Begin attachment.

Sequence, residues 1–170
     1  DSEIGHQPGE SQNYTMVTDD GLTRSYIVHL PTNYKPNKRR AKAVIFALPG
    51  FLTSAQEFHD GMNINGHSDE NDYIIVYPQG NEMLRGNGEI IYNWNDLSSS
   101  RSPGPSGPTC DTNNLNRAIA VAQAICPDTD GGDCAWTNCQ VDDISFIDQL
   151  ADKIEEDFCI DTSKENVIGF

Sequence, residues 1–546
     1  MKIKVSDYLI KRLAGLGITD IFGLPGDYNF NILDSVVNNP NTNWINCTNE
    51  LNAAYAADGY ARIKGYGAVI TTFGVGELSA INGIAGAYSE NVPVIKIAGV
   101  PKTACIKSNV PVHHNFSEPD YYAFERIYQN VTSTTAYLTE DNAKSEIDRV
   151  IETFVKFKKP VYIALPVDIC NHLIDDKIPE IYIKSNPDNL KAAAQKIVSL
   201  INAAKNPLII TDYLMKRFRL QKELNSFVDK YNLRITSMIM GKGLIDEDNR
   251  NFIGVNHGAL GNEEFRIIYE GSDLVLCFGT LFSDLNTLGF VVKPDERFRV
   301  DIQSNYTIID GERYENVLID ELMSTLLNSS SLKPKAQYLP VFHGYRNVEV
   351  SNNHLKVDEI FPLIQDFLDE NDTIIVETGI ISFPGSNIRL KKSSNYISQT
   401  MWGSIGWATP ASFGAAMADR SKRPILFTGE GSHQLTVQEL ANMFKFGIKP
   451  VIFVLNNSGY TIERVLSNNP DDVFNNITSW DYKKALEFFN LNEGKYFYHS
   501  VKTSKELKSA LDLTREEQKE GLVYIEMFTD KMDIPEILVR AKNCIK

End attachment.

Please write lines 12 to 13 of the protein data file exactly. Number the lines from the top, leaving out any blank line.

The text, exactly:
   251  NFIGVNHGAL GNEEFRIIYE GSDLVLCFGT LFSDLNTLGF VVKPDERFRV
   301  DIQSNYTIID GERYENVLID ELMSTLLNSS SLKPKAQYLP VFHGYRNVEV